We talk to Geoff Cox, local poet and author who is bringing his new production The Price Of Land to the Brewery 22 Feb 8pm. Unearthing the forgotten voices of the people who have shaped the Cumbrian Landscape, we ask him more about the research behind his work and why he hopes his interpretation of this iconic landscape offers up something different.
To book tickets for the production, click here.
What was the initial inspiration for writing The Price Of Land?
I’ve had a long-term concern about how few people recognise that most of our Cumbrian landscapes are man-made and how, to this day, we need farmers, forestry workers and, increasingly, charity and community groups to keep our landscapes looking the way they do. More recently, the 2018 dossier that detailed the award of UNESCO World Heritage status to the Lake District singularly failed to recognise the role of the dry-stone wallers, miners, quarryworkers, drovers, peat cutters and farmers in creating those very landscapes. The Price of Land was my attempt to give a voice to these forgotten individuals.
Can you say more about the historical research behind the production?
I did a lot of traditional research in libraries, record offices etc. around the County. That got me so far and threw up a few voices I wanted to include in the piece. These were followed-up in parish and school records to identify the final choice of people I thought that I could include. I then had to anonymise those characters because many of them have family still living in the County. For the more modern characters, particularly those from the woodland and farming communities, I spent a lot of time sitting in sheds and farmhouse kitchens, having a brew and talking about the working lives of today and in the past. The very best kind of research! The exception to this was the drover bringing cattle through Cumbria from the Borders to sales in Yorkshire. The drovers left very few records, so I was able to let my imagination run free and come up with Maggie Little, a real ‘larger-than-life’ character.
How do the stills and film projections work with the actors and as a backdrop to the narrative?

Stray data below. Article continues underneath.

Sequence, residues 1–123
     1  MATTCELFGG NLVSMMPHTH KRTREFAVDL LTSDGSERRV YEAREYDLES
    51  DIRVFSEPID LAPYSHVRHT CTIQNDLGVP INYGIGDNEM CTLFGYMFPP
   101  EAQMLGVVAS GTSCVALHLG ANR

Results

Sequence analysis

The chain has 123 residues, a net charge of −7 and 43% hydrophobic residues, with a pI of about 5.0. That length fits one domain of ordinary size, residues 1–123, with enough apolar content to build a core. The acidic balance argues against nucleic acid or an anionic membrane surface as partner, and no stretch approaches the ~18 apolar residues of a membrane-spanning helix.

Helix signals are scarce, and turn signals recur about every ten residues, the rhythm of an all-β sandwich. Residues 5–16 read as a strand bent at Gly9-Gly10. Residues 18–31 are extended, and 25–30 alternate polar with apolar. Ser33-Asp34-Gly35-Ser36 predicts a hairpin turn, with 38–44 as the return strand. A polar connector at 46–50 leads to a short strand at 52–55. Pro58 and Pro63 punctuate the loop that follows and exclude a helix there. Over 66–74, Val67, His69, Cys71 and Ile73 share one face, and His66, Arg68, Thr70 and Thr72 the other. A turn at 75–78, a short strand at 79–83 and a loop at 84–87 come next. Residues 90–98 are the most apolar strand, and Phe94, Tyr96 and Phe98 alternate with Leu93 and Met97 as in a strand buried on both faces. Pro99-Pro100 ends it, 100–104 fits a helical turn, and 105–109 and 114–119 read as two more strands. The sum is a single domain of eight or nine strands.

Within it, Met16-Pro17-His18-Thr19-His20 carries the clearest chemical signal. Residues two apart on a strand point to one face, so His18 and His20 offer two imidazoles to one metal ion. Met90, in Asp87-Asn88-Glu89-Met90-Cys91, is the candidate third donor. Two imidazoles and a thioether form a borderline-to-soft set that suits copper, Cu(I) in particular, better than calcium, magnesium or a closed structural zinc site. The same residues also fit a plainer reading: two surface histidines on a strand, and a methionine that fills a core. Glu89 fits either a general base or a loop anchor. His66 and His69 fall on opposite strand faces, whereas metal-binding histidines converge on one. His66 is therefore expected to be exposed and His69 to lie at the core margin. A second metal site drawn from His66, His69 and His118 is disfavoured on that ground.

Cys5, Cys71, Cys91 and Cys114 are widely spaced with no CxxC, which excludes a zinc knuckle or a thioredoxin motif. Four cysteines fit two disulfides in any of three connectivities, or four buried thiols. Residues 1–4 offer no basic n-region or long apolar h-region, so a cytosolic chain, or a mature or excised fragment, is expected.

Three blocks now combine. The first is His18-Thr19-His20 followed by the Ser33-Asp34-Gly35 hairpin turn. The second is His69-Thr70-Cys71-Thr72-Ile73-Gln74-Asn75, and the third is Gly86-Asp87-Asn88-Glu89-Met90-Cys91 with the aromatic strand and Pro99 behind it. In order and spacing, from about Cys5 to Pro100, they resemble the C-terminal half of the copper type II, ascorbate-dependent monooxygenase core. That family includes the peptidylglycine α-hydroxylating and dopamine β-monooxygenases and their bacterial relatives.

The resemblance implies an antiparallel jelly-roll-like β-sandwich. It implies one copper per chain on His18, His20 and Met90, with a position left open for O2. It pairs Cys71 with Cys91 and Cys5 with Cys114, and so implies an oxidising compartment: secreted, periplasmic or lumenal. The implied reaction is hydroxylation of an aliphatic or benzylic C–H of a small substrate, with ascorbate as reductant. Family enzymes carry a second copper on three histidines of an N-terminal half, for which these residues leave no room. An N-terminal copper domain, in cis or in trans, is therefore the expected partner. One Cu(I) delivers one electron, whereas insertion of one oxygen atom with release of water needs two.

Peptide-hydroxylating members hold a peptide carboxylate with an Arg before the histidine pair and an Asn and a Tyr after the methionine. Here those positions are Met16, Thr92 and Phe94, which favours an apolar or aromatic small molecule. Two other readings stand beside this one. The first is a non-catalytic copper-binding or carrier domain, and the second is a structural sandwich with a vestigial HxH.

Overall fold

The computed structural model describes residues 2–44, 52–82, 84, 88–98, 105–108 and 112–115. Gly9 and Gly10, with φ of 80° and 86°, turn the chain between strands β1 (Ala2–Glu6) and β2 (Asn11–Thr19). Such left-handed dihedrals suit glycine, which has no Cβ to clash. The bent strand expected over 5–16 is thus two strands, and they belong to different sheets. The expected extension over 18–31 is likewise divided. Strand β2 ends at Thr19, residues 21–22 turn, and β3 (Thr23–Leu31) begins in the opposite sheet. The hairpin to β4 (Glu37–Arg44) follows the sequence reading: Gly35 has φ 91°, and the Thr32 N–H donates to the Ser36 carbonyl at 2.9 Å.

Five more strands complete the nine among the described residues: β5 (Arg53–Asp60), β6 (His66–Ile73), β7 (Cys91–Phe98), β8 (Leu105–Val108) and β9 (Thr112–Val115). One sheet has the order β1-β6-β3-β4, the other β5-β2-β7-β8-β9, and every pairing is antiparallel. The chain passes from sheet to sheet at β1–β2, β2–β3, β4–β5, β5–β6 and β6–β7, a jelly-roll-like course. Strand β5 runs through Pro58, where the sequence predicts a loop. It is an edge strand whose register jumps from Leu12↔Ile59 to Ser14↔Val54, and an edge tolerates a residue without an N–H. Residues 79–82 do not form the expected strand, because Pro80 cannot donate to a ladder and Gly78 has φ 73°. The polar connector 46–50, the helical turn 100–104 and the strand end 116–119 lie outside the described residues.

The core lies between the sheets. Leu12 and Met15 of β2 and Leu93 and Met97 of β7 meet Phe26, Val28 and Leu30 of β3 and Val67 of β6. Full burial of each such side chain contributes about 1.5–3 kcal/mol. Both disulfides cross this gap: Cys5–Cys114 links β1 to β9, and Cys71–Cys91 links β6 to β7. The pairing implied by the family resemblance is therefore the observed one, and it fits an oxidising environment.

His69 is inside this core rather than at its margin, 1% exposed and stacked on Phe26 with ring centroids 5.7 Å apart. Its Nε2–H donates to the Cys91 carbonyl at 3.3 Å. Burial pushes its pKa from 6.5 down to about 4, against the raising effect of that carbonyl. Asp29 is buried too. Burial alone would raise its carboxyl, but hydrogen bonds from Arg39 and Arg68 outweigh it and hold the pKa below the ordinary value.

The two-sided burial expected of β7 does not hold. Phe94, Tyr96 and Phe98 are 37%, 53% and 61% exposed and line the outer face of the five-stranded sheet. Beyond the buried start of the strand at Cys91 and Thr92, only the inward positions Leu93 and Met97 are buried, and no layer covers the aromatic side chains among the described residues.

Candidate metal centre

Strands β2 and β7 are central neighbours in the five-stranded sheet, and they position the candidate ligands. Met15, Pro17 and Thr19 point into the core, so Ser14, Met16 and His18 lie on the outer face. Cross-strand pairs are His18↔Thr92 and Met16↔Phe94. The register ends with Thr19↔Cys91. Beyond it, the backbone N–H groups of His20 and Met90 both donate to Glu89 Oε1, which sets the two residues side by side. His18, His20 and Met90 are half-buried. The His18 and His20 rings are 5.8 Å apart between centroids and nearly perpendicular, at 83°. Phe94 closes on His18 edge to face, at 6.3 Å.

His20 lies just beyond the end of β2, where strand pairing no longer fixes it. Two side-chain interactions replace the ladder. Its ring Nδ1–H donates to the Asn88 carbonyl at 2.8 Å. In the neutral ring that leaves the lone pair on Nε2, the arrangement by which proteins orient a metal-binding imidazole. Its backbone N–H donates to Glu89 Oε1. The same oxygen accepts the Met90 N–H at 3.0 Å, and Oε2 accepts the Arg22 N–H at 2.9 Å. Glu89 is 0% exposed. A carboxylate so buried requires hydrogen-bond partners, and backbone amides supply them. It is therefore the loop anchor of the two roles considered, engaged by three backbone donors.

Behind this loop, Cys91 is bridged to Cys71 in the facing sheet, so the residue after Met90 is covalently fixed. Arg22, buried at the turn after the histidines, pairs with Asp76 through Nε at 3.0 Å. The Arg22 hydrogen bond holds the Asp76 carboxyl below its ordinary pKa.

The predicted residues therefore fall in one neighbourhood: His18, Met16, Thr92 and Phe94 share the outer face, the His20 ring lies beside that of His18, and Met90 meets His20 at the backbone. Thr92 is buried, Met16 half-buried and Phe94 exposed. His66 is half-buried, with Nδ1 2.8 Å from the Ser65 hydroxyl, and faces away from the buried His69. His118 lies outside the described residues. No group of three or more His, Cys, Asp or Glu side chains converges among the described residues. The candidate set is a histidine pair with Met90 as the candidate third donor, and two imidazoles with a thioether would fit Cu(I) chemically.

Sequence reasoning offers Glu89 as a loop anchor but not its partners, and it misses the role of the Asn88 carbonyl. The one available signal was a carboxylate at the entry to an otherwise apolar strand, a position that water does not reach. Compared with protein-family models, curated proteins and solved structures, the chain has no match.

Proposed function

The Price of Land covers 500 years of Cumbrian history, with settings from Sellafield to Kirkby Lonsdale. We’re a huge and varied county and I asked Kendal film-maker and photographer Rich Berry to try to offer audiences a sense of just how diverse our landscapes are. This content was then filtered by award-winning director Kevin Dyer, who had the task of selecting footage to complement the action but keep the focus on the actors, and in particular the words they deliver. The results are really beautiful and add emotional impact to what is already a deeply moving piece of theatre.
Can you describe the making process behind the location-made soundtracks?
The soundtrack is the work of Barrow sound artist and composer Damian Rose. I explained to him the feelings I wanted The Price of Land to evoke in audiences. Being a musician, his response to me was, “What music were you listening to while you were writing?”. I told him, he listened, then worked with musicians John Hall (guitar and dulcimer) and Mick Willoughby (accordion and whistle) to create music and soundscapes that were a fit with the words. Again Kevin Dyer worked to bring action, words, images and soundscapes together to create the beauty you’ll see on stage.
The Cumbrian landscape is iconic within culture. Why was it such an inspiration for you and do you think your work differs from other interpretations of it?
I’ve lived in Cumbria for all of my adult life and I have a deep love for the landscapes that the County is famous for. That said, I don’t have the romantic notion that separates the natural landscape from the human. These are living and working places and we should be very careful about trying to take people out of the picture. The Price of Land is about the way landscape creates people as much as the way people create landscape. The piece sets out to give the largely-neglected working people of Cumbria a voice to tell their stories: stories that are often of prejudice and hardship. I’ve tried to illustrate how many of the contemporary social problems that rural areas face have direct parallels in the lived experience of Cumbrians over the past 500 years. These are words spoken from the hearts of real people and they express all the emotions that we, as modern day residents, may feel. I think that audiences will laugh, cry, smile, think and, hopefully, talk about what it is to be part of this place called Cumbria.